"Ulaanbaatar, Mongolia is a city transitioning from a nomadic to sedentary lifestyle. The recent uncertainty and reduction of commodity prices has left Mongolia in a negative and vulnerable economic position. Although large infrastructural projects and development plans had been proposed, such top-down planning is simply ineffective as the government itself is near bankruptcy. Developer-driven investments are also stagnant. The position of the studio was to start with the basic unit of habitation itself – the ger. We then navigated across three critical scales between the ger, the cluster, and the district." 

The project proposes an intermediate scale of cooperative development to fill the gap between individual needs and top-down planning efforts. A decentralized gravityfed water system provides running water through microgrids which can later connect to the expanding municipal water system. These micro-grids incentivize residents to subdivide their plots and increase density around nodes of shared resources. A system of pile foundations and standardized shear walls are cast on site and mark the proposed zoning guidelines, providing structure into which residents can selfbuild new homes. Precast concrete components embed the water pipes within the foundations of new construction. As plots subdivide and new residents plug into the microgrid, the nodes of the system can grow to accommodate additional program. These also provide a social core for each cluster, accessed through walkways that connect across plots and between units.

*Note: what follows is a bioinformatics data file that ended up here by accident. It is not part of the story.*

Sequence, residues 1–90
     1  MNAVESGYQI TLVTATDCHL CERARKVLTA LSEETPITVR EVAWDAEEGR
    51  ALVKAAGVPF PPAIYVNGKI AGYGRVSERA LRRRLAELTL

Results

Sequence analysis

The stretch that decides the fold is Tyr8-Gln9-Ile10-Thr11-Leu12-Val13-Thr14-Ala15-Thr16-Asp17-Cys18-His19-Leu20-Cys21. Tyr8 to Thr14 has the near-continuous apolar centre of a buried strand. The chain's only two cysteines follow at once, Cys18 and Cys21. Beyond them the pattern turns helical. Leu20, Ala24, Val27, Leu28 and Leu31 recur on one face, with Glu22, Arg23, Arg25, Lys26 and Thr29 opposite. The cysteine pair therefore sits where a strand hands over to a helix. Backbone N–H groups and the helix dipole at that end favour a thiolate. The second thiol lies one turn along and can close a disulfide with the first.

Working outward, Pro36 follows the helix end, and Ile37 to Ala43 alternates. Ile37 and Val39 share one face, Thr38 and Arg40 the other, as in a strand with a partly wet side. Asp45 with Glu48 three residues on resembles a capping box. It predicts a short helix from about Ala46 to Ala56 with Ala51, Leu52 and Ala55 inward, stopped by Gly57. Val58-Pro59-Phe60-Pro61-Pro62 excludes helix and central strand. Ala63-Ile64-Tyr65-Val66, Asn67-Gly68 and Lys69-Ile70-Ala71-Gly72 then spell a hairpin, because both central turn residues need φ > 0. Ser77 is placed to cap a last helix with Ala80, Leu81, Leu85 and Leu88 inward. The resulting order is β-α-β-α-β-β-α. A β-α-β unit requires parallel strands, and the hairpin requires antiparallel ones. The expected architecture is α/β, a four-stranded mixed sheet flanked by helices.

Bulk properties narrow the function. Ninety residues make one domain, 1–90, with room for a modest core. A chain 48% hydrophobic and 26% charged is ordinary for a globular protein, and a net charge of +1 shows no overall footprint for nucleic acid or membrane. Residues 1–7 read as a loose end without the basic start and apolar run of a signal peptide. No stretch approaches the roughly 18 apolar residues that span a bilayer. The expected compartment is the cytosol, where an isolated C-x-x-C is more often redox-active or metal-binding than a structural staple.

Professors John Lin and Joshua Bolchover, Columbia GSAPP 2017.